The technical complexity of the pole vault is precisely the thing about the event that attracted SM North freshman Connor Bell to it earlier this spring.
Competitors have to sprint down a runway holding an unwieldy pole, aim the pole for a small box at the base of the cross bar, and then precisely maneuver their body up and over the obstacle using the momentum from the approach and take off.
Which is to say: There’s a lot that can go askew.
So it’s no surprise that Bell found himself in the midst of an imperfect attempt during the junior varsity Sunflower League meet last week. What was surprising was the composure he demonstrated in salvaging the vault — and advancing on to set a new personal record.
On his second attempt at 9′, Bell put his plant down a bit too far, and as he lifted up into the air, he found that his momentum waned quickly as the pole fully rebounded.
“I was actually feeling pretty good about the jump until that point, where things came to a very slow stop,” Bell said. “So at that point you’re thinking, okay, I’m 10 feet up in the air, how do I get down?”
There was enough momentum from the jump that Bell started to spin around at the top of the pole. His plan was to wait until he got in decent position to bail and then hop down onto the landing mat. But as he completed a full 360 degree spin, he found himself perfectly situated to hop over the cross bar. He instinctively jumped over the bar and pushed the pole away from him.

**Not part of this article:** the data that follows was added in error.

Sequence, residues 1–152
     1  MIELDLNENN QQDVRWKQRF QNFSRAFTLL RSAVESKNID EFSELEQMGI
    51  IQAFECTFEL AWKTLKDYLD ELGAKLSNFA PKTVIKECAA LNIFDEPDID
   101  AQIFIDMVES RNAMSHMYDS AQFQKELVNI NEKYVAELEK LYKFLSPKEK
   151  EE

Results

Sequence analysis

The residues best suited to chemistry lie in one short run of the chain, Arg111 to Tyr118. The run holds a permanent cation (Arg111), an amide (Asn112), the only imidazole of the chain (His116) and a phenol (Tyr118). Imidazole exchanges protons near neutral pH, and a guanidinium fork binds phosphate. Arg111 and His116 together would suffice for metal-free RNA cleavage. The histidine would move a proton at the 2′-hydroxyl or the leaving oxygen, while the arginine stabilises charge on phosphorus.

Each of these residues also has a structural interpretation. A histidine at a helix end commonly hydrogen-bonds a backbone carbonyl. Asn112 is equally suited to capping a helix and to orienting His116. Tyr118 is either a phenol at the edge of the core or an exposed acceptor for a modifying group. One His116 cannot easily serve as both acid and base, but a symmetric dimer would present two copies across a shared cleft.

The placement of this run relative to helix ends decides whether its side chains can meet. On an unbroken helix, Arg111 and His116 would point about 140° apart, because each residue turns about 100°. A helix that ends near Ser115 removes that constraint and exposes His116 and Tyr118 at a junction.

When he landed on the mat, he realized he’d completed a successful — albeit highly unorthodox — attempt.
“I was just trying to get down,” he said. “But I kind of accidentally managed to get over. Coach [Bernie] Wagner came over and gave me a pat on the back and told me nice job.”
Bell’s grandfather happened to be filming the attempt on his phone, and when head track coach Aaron Davidson posted it on Twitter, it went viral, even getting picked up by Sports Illustrated:
— Aaron Davidson (@TrackDavidson) May 9, 2019
Bell advanced in the meet and set a new personal record of 10’6″ — just six inches shy of qualifying to jump at the varsity level. He said he’s stoked to keep working on the craft.
“I love this team. It’s a really amazing group of people and coaches,” he said. “It’s such a great thing to be able to get to do.”